The San Blas Islands or Kuna Yala are governed by the Kuna Congreso. They work closely with the Panamanian government, Maritime offices and military, and as such the decision to reopen will follow the action of the Panamanian authorities, likely with some influence with neighbouring Colombia. As it stands, Panama is set to begin opening up businesses and reducing lockdown enforcement toward the end of May, however this depends solely on the complete reduction of new cases of the COVID-19 Coronavirus and of course the cooperation of the general public in following the lockdown instructions and taking all precautions to ensure the eradication of the virus.
It is likely that there will be a short period of time after Panama reopens before the Kuna Yala follows suit. Given that they are only a small race of people, it is a fair assumption to think they will want to remain isolated for a short. A wise move to ensure their safety and preservation. While tourism is a definite boost to their economy, they are a very resilient and self sufficient people, and as such it is not essential in order for them to continue functioning as a society. That being said, the local majority are already very eager to reopen their borders and are putting pressure on the government to make the decision sooner rather than later, so I imagine it is only a matter of time before they do so.
What about San Blas Adventures?
As you can imagine, the closure of San Blas and the subsequent cancellation of our trips due to the Coronavirus outbreak has been terribly unfortunate for us and the local people. It has left us with a giant hole in our operations! With that being said, we have the utmost confidence that San Blas will reopen in a short while, and so we have decided not to cancel our trips too far in advance, as we want to be ready to jump back on the wagon (or boat in this case!) as soon as we are able to do so.
Our staff and their families are all safe and sound in the meantime! While our physical operation has come to a halt, we are taking advantage of this time to brainstorm. we are coming up with new and exciting ways that we can improve the services we provide to our guests and the help we can provide to the local indigenous people! If you are interested in taking one of our Panama to Colombia or Colombia to Panama trips and would like to confirm what future dates are available, please write to us at firstname.lastname@example.org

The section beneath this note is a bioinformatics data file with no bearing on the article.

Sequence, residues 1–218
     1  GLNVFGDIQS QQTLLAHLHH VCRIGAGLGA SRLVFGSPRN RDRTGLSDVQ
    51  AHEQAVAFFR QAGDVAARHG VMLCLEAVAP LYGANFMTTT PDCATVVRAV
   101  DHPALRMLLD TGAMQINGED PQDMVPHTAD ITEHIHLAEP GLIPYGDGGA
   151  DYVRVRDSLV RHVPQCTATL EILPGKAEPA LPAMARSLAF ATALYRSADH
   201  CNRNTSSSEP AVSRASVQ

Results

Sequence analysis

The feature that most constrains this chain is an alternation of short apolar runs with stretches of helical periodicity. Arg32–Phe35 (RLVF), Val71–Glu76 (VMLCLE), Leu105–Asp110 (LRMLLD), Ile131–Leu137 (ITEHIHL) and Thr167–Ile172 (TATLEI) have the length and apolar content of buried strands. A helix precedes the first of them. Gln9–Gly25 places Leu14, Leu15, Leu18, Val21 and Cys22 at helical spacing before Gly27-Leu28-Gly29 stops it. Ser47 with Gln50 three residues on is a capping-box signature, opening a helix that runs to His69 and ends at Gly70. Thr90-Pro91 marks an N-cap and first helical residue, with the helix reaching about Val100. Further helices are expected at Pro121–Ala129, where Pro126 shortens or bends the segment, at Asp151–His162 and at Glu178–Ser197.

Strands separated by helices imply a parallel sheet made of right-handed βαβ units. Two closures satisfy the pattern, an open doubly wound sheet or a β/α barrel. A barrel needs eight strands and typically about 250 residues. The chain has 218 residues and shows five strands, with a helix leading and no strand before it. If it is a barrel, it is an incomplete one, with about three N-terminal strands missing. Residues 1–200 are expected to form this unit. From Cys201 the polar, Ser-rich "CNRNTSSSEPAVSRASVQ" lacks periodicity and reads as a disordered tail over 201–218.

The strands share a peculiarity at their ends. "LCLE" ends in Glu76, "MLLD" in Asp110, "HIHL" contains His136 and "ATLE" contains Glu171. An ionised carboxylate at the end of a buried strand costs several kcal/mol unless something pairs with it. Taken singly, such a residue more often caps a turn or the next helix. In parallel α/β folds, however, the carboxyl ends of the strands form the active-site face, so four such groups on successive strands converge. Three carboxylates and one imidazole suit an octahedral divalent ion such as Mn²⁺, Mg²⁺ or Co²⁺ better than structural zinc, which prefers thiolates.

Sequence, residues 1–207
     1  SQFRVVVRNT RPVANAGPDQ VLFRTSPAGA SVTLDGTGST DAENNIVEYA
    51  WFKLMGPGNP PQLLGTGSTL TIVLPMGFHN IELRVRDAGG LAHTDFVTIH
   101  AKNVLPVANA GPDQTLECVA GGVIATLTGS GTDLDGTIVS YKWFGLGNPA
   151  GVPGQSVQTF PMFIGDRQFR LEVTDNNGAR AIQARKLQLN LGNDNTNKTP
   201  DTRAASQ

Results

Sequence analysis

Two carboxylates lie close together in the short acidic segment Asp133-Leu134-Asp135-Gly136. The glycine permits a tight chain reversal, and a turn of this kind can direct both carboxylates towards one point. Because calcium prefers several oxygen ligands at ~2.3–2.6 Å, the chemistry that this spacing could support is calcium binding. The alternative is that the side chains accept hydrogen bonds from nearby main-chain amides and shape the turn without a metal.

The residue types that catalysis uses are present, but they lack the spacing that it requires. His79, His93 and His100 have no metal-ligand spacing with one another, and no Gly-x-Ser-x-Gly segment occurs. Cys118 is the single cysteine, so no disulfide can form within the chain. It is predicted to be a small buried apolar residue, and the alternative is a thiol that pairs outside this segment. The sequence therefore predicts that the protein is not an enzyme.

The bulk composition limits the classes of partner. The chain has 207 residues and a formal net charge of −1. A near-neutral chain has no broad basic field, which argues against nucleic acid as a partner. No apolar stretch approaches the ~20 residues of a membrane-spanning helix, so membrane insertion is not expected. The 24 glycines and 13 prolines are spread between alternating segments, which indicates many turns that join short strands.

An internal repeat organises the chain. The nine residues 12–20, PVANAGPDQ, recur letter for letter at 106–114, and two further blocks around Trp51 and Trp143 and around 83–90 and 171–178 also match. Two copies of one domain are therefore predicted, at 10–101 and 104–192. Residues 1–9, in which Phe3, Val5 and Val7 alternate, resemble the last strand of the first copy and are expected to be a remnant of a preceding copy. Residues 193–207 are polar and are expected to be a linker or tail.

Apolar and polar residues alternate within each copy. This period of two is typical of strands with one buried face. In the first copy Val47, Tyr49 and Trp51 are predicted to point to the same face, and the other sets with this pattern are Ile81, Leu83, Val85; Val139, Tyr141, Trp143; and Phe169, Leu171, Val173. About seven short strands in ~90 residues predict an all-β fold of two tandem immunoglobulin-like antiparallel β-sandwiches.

From everyone here at San Blas Adventures, we wish all the best to you all in this crazy unprecedented time. Take care of yourself and your loved ones. Our thoughts and prayers go out to every single person that has been affected by this unprecedented event. Families have been separated. Countless backpackers have been stranded all around the globe, and of course there has been tragic loss if lives worldwide. But it’s not all bad..
Amidst a global crisis, humanity has shown its true colors. There has been a tremendous outpouring of love and support for one another felt worldwide. New creative ways of communicating have developed, families are spending genuine quality time together, efforts are being felt globally to emotionally support and care for one another like never before. Mother nature has also received a well deserved break from the impact it receives daily from its inhabitants. It has been given a chance to regenerate, to clean itself and to recuperate some of its precious resources.
Focus on the positive, people! There is plenty of it to be found, if you look in the right places.